Author Susan Scott is our guest blogger this week. In the lead up to the All Our Sister’s conference happening in London, ON May 9-12, Susan shares some insight into the hard lives of homeless women across Canada. Susan’s book, All Our Sisters, is available from University of Toronto Press.
Analysis of Canada’s homeless often leaves out the unique position of women
Her teeth were lose, her nails wobbled in their sockets and her energy levels were down to that of a snail, but what else could Patricia Diaz expect on a thousand empty calories a day?
Patricia, and legions of women like her across Canada, were thrown into lives of deep poverty in the mid-1990s when the federal and provincial governments became concerned about their bottom lines and cut services from Victoria to St. John’s. They saved money but destroyed people, especially women and children.
“I lost everything. I became homeless because of policy,” says Patricia who when she was on social assistance regularly went hungry to feed her kids. Almost worse than the financial blow, though, was the propaganda put out to justify it. “As single mothers, we were labelled beer-drinking sluts. It was really, really bad. It was an accumulation of hatred. We became the scapegoats of society.”
Patricia, who now runs a women’s buddy assistance program with Forward in Toronto, is attending Canada’s first national conference on women and security of housing, All Our Sisters, in London, ON, May 9-12th and has hopes that it will be the catalyst to change.
One of the things that makes this conference different is that women of lived experience of homelessness and extreme poverty are fully participating delegates. Their voices and their solutions will be on the table alongside those of a more academic nature.
Women living in poverty across the country are wondering why it took so long to put their needs under the microscope to create change so that everyone has the basic human right of adequate housing.
As Patricia says: “It’s time.”
And she’s right. Although studies say that women constitute about one quarter of the homeless population, they also show they are the fastest growing segment.
“When we think of the homeless, we usually think of men,” says Shelley Yeo, co-chair of the All Our Sisters National Forum. “Many of the women are invisible. They may be living with abusive partner because they can’t afford to rent their own place; they may be like the woman in Calgary staying in one room with three other adults and three children; or they may be trying to make a home out of a place that has mushrooms growing out of the carpet and mice in the walls. None of those is a home.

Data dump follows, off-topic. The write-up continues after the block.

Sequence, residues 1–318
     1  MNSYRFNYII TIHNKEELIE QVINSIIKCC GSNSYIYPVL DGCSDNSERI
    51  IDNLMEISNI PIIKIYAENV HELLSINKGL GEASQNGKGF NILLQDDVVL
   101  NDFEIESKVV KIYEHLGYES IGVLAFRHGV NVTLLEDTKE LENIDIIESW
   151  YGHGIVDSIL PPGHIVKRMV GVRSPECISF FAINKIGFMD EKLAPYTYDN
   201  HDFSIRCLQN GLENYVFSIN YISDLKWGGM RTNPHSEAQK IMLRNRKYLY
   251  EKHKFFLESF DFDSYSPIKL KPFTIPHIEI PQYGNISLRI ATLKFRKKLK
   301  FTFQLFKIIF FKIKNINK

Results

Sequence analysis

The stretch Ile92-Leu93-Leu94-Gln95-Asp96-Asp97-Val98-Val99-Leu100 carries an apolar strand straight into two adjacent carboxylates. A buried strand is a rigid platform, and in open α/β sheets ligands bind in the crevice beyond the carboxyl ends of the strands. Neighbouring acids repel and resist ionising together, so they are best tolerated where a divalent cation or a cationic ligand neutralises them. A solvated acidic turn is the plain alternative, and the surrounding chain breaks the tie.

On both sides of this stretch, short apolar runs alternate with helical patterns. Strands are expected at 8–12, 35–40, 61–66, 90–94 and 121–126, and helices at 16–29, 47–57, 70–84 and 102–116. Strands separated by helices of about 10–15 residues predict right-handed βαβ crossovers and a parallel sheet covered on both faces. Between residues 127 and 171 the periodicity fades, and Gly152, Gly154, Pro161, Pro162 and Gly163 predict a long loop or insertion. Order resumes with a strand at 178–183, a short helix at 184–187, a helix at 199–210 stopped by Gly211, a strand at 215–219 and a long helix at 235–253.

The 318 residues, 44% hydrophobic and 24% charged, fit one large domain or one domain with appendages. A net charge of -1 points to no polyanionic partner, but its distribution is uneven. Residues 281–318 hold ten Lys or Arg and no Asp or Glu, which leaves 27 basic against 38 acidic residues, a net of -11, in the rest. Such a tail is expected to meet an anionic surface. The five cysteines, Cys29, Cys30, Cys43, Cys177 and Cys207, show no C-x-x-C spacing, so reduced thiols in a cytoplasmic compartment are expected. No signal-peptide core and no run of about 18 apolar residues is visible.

“We don’t know how many there are, but we definitely need to hear and to listen to what women have to tell us about the systemic barriers,” says Yeo.
One of the key issues for women is poverty. There’s lots of talk and concern about child poverty, but we forget that children are poor because their parents are poor. One in five women in Canada lives in poverty and the Canadian Association of Elizabeth Fry Societies says that 80 percent of women’s crime is poverty related. Hunger and malnutrition gnaws at their bones.
When the Diaz family lost their Cambridge, ON home and the family was dispersed due to welfare cuts, Patricia recalls staring at the table. “I realized that due to a lack of food we hadn’t had a meal at it for three or four years.”
According to Food Banks Canada Hunger Count 2010 a record number of 867,948 people used Canadian food banks, 38 percent of them children and young people under18. There were more than 80,000 new users. Remember in the good, not-so-old days when food banks were just a temporary solution? The count also gives eight recommendations to decrease these appalling stats. The first is a national poverty strategy. Another is a national housing strategy. To our shame we are one of the few developed countries without one. Other suggestions included fairer EI and better and cheaper day care – very important to women.
It should be noted that these suggestions do not include more donations, nor more food banks, but they tackle the underlying systems – or lack of – that hold people down. As Canadians we find it easier to donate a few cases of pasta than to lobby our politicians for meaningful policy changes.